In both London and New York, public health officials sought to quarantine the sick while controversially allowing theatres and concert halls to stay open, provided they were deemed clean and well ventilated. New York theatre patrons were forbidden to sneeze, cough or smoke; several venues were closed for failing to meet the health code. The London Palladium sprayed a ‘germ killer’ between performances.
‘In the city of New York, so far, the specter of the Hispanic malady has had little effect on concert givers,’ the New York American reported in October 1918, ‘though the dread of contagion is keeping many music lovers at home or out of doors.’ Indeed, the New York Philharmonic and Metropolitan Opera continued their activities while Carnegie Hall saw only a few cancellations.
On 12 October the Paris Conservatoire Orchestra arrived in New York for a planned 50-city tour of North America. The ensemble, led by André Messager, gave two concerts at the Metropolitan Opera House before the flu claimed the life of a musician, violinist
Eduardo Fernandez, whose body had to be transported back to the French capital.
Many subsequent concerts were cancelled or postponed as cities from Milwaukee to Spokane banned public gatherings. The musicians waited out the bans by making a series of recordings for Columbia Records, featuring works by Bizet, Saint-saëns and Delibes. An advertisement touted ‘the only phonograph records on which you can hear the exquisite music of the French Symphony Orchestra’.
Concert tours were also halted in Europe, including in Switzerland, where more than half of the population was infected by three waves of the flu. The day after Stravinsky’s L’histoire du soldat got its September 1918 premiere in Lausanne, the musicians, actors and stagehands began experiencing symptoms of la grippe. Stravinsky recovered in a week, but a muchanticipated L’histoire tour was scrapped.
While the coronavirus has yielded outpourings of communal expression – from opera arias sung from Italian balconies to videos of stitched-together orchestral pieces filmed in isolation – the 1918-19 pandemic did not produce a large commemorative legacy.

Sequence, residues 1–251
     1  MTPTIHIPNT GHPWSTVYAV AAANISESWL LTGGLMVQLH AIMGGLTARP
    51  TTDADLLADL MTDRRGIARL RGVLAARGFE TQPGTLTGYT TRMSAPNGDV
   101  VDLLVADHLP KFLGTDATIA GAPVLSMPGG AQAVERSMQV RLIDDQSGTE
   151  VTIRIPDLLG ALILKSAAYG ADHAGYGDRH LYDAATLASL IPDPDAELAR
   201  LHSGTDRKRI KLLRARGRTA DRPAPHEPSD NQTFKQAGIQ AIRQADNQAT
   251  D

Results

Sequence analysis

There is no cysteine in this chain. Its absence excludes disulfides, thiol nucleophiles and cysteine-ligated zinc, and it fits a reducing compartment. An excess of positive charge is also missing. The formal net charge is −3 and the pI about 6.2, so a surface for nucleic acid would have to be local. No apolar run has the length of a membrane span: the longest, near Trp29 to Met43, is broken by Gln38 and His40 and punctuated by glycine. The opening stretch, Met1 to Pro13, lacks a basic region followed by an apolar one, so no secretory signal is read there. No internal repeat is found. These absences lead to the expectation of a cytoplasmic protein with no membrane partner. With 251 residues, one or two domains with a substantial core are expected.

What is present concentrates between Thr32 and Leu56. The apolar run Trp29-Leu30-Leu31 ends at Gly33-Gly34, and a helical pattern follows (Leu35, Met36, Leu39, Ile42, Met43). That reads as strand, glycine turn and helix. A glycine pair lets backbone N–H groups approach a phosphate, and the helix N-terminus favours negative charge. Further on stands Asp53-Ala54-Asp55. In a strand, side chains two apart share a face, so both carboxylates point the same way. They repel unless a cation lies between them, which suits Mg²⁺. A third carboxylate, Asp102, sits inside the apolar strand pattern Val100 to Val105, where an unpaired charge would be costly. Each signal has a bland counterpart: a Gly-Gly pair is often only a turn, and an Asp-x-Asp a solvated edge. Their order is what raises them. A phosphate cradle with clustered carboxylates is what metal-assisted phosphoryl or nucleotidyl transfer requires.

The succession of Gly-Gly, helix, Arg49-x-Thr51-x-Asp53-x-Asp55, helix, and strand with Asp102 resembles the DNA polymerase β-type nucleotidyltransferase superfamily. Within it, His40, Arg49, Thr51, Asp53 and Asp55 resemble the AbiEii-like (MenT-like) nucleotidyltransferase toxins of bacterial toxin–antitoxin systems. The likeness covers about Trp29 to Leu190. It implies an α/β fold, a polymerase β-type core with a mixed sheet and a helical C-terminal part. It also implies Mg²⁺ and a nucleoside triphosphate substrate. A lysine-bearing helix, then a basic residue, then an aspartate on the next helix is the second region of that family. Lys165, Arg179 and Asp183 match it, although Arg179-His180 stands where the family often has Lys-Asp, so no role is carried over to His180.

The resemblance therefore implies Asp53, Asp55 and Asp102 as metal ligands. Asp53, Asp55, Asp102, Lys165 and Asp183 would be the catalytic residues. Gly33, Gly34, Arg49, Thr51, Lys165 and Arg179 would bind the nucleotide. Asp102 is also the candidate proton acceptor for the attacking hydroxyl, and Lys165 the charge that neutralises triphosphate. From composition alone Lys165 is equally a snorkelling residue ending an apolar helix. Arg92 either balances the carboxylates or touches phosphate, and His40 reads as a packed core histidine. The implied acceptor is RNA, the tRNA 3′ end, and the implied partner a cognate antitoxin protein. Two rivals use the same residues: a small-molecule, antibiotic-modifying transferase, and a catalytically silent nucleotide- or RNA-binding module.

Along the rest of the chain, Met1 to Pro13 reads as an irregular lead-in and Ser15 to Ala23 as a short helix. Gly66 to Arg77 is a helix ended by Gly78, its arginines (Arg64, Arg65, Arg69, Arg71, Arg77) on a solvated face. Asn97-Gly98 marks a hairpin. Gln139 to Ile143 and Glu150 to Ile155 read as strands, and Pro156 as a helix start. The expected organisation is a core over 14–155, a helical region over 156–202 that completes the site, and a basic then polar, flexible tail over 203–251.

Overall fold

One exception, however, is Milhaud’s Sonata for Flute, Oboe, Clarinet and Piano which he began in Rio de Janeiro and which ends with a dirge for the victims of the pandemic. Songwriters also penned novelty songs and ragtime numbers including ‘Spanish
Flu Blues’, ‘The Microbe’ and ‘Oh, You Flu!’, partly in an effort to lift spirits.
And in Spain, life mirrored art. The epidemic was nicknamed the ‘Naples Soldier,’ after one of the numbers in José Serrano’s zarzuela La canción del olvido. The reason: the virus was said to be as catchy as one of the numbers in the musical, which is set around the Bay of Naples.
Perhaps because the Spanish flu was suffered largely in private, there were no grand choral requiems or symphonic laments for the victims of the virus. More characteristic were the seemingly indirect responses, such as The
Love for Three Oranges, Prokofiev’s 1919 opera that centres on a hypochondriac prince. Karol Szymanowski, on holiday at a Black Sea resort, claimed that his opera King Roger ‘sprang into my mind one sleepless, “Spanish” night’, a reference to the flu. His librettist Jaros aw Iwaszkiewicz later wrote how the ‘calming yet disquieting’ character of the sea ‘became cast into the music.’
By late 1919, as cases of flu were abating, the remaining performance bans were lifted. A November 1919 report in Musical America predicted that the 1919-20 season would be ‘one of record-breaking proportions,’ as wartime restrictions ended and normal concert life started to resume. New aesthetic trends were taking shape, including neoclassicism, dadaism and futurism.
But it would be the blues, the perennial soundtrack of hard times, that expressed the moment best. The ‘1919 Influenza Blues’ warns listeners that the virus did not distinguish between one’s wealth, class or origin.
North and south, east and west,
It can be seen,
It killed the rich, killed the poor,
It’s gonna kill just a little more,
If you don’t turn away from the shame. Though medical and economic realities have changed over the last century, the unflinchingly direct song strikes a familiar chord in our current times.